It is not often you find yourself standing alone in a 16,000-square-foot home, but recently I had that experience. There was a deafening silence that made the elegance of my surroundings all the more dramatic. This historic building, which I have been inside many times, has always impressed me. However, there was something special about uninterrupted solitude and a mind free to wander.
In 1893 United States Senator Henry Gassaway Davis completed construction of a summer home on a prominent high point in the mountains of Randolph County. The mansion, the centerpiece of a 360-acre estate, is a sophisticated expression of Queen Anne Victorian architecture. The exterior is constructed of native sandstone and the interior is decorated in native hardwoods, namely quartered oak, bird’s eye maple, cherry and walnut. Senator Davis named it Graceland in honor of his youngest daughter. In 1939, the house was acquired by the West Virginia Presbyterian Educational Fund and donated in 1941 to Davis & Elkins College.
As I strolled in solitude through the house, my mind imagined hearing conversation over many decades reverberating from the wooden walls of the grand mansion. Generations of the Davis Family entertained guests from far and wide, including many famous politicians and celebrities of the time. Extravagant balls and everyday dinner conversations occurred in the same space that today hosts College events and community gatherings. The sounds of students from the decades of the 1940s through the 1960s can also be heard ever so faintly. Serving as a men’s dormitory for most of that time, frantic study sessions and laughter over adolescent pranks exists in that space.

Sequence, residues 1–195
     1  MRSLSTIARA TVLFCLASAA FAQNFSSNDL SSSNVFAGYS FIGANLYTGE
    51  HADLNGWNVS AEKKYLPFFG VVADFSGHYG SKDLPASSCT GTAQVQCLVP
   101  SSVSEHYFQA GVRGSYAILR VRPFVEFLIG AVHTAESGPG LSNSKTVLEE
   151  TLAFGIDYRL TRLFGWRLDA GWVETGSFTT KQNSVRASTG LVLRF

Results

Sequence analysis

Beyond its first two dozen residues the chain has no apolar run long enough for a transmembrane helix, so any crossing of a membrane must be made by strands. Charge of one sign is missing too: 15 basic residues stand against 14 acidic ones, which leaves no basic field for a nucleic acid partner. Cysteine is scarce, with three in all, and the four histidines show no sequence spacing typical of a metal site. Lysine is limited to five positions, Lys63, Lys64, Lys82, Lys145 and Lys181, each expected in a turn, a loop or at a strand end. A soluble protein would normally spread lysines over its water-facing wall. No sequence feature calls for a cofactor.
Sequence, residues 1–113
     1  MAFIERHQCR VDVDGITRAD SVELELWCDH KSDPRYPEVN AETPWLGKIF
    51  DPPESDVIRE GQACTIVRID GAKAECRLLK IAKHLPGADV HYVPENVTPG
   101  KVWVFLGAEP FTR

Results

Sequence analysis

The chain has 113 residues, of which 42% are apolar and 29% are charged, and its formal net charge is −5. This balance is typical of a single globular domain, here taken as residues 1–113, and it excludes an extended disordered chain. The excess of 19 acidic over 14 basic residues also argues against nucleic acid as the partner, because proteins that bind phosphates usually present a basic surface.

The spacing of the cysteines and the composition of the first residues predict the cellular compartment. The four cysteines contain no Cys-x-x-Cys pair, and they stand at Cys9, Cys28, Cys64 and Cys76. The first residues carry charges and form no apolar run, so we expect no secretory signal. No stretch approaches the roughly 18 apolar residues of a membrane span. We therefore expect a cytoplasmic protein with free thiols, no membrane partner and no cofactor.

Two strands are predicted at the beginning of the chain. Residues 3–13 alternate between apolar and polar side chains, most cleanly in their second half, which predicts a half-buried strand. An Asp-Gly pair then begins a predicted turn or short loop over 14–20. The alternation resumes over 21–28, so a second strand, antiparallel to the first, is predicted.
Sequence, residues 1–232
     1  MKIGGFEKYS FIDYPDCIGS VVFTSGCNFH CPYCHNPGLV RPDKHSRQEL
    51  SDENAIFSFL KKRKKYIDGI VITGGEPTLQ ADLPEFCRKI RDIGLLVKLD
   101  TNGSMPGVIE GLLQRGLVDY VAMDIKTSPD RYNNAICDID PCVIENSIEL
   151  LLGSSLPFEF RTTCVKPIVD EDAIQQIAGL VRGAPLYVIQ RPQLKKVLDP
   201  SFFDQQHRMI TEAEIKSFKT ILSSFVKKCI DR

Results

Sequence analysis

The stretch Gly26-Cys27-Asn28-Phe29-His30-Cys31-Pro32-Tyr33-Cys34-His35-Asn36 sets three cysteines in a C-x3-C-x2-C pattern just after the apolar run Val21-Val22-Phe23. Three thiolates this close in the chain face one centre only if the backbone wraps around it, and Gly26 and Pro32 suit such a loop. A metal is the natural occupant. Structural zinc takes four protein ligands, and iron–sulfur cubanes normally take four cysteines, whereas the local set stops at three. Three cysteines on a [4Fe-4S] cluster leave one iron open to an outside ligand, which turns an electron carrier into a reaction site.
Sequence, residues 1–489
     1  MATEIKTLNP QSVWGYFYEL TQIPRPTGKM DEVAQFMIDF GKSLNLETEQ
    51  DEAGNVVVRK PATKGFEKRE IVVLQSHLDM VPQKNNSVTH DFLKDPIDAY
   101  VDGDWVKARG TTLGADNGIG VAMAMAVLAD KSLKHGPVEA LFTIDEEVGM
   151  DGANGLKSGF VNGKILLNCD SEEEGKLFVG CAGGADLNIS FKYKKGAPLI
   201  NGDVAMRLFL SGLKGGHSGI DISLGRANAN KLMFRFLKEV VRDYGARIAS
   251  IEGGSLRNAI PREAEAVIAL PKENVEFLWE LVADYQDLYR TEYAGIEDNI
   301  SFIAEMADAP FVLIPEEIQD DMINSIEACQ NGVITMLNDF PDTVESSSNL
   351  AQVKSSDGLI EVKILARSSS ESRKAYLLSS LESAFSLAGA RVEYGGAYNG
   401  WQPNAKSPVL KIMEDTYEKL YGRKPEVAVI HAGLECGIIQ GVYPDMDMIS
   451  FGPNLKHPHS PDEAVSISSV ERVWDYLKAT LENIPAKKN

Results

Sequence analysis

Sadly, in 1971 as Graceland fell into disrepair, it was boarded up and its future uncertain. D&E students of the 1970s and 1980s tell stories of sneaking into Graceland, whether on a ghost hunt or to avoid being caught doing the things students do. It continued to play a role in the life of the College, though not the one intended.
Thankfully, during the presidency of Dorothy MacConkey, a fundraising campaign was completed with significant help from U.S. Senator Robert Byrd to restore the grand old mansion. Also restored was Halliehurst, the second mansion on campus that originally served as the summer home of Senator Stephen Elkins and Hallie Davis Elkins, the son-in-law and daughter respectively of Senator Davis. The grand historic restoration, completed with great attention to detail, blesses the D&E campus today.
Graceland, arrayed in splendor, is now an Inn with 11 guest suites and rooms open to the public. For those visiting Elkins and D&E, it is an unparalleled opportunity to experience history. The view of Elkins and the surrounding mountains from the veranda on the southern exposure of the house is breathtaking. While temporarily closed at present due to COVID, Graceland will reopen as soon as it is safe and will welcome guests once again.
Guest arriving by carriage in the 1890s, students living in the mansion during the turbulent 1960s, and future guests of the Inn later in 2021 will all share one thing in common. If listening carefully, their ears will hear the faint noise of a cacophony of voices that journeyed to a special place.
Thankfully, the journey continues….
Chris A. Wood
Davis & Elkins College